Yesterday was World Poetry Day so, here in OUP Archives, we enjoyed spending the day flicking through old OUP staff magazines for poetic examples. This poem was
written by May Wedderburn Cannan, a British poet active during World War One, and also the daughter of Charles Cannan who ran Oxford University Press from 1895 until his death in 1919. It was published in The Periodical in 1923.
The first time he saw him, he could tell the dark
haired boy was not older than eight years old, probably a little bit less when
taking in mind the high the small child possessed. Will bitted his bottom lip
slightly as he slowly started making his way towards where the brown eyed kid
was playing, his glance wandering around the environment from time to time,
watching his surroundings in hope of not getting discovered. He knew he shouldn’t
be there in first place, but he couldn’t help it… He was curious, the dark
haired had an aura around him that had certainly caught his attention.
He didn’t even know his name, yet he couldn’t help but feel sorry for
him… For the pain that he was going to live through.
In many Urban Fantasylands, library science has not advanced since sometime in the early nineties. (In particularly bad cases, this can be ‘the 1890s’.) Rare is the computerized card catalog or digital periodical archive. Occasionally, to demonstrate that it’s a high-tech, modern library, they’ll have a microfiche reader.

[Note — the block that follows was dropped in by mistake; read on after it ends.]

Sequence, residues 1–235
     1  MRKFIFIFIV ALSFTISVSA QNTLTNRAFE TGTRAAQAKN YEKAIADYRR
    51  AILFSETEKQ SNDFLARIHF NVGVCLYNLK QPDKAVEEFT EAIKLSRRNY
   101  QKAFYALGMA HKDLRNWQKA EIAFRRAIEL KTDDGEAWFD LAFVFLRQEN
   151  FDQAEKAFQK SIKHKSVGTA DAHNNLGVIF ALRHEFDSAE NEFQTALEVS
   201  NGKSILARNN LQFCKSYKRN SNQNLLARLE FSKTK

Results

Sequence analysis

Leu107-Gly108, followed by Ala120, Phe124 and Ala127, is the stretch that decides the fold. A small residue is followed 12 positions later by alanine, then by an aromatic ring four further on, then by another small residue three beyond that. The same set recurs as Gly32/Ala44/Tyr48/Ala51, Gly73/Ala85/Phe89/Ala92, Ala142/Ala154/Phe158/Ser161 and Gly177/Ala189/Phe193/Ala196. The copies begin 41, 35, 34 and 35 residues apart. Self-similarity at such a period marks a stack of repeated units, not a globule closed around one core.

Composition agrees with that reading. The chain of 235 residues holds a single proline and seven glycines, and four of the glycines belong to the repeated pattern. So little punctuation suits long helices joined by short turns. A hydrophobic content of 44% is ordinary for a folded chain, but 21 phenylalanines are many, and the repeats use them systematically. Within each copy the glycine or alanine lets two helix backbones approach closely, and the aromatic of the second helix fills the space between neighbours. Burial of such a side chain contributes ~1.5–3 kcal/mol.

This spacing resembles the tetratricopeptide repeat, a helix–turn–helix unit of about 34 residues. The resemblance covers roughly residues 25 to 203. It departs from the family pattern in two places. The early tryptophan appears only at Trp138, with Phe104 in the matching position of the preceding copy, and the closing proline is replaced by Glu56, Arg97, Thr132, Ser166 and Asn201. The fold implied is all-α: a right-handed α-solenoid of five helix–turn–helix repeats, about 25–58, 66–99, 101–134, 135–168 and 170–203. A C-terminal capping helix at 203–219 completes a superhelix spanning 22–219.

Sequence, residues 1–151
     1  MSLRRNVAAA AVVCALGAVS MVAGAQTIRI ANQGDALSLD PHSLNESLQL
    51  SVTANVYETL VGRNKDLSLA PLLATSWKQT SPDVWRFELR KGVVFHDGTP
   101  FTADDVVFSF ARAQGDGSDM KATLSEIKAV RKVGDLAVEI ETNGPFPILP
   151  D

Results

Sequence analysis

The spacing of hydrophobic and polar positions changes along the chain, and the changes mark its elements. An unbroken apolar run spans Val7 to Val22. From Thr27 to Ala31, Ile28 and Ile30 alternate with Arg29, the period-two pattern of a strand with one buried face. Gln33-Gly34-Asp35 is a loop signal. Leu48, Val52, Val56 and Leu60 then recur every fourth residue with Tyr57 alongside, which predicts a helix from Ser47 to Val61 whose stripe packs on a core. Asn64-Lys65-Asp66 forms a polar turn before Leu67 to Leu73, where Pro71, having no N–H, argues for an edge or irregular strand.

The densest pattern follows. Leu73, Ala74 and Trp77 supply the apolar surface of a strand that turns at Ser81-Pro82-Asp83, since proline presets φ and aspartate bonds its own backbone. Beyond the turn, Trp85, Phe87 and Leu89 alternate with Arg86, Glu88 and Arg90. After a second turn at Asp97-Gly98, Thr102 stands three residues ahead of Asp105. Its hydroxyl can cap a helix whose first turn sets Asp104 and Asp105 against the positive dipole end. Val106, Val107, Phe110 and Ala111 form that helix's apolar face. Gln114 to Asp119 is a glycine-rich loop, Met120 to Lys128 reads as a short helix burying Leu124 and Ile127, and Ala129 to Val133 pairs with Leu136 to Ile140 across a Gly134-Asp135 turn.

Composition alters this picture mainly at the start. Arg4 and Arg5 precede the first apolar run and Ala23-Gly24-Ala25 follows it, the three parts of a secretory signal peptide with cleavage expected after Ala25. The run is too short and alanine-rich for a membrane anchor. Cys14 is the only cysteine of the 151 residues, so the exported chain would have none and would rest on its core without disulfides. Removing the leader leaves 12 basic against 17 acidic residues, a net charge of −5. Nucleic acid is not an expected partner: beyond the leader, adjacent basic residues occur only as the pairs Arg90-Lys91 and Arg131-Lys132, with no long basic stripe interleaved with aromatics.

(Fortunately, these microfiche machines have an uncanny knack to locate the exact article with but a few moments of scanning through them. Presumably this is part of the advantage of living in a universe with magic in.)
Often as not, however, the really -useful- books only come into play with private collections, and it’s here that things fall back to the 1890s, with books organized in haphazard fashion, often shelved by the owners themselves, with vital points of prophecy at risk of being obscured by coffee rings. At times, the urge is strong to turn professional archivists on the local wizard’s home, that they might purify it with modern preservation techniques and a proper system of cataloging.
It is perhaps fortunate for the wizard population that this doesn’t happen.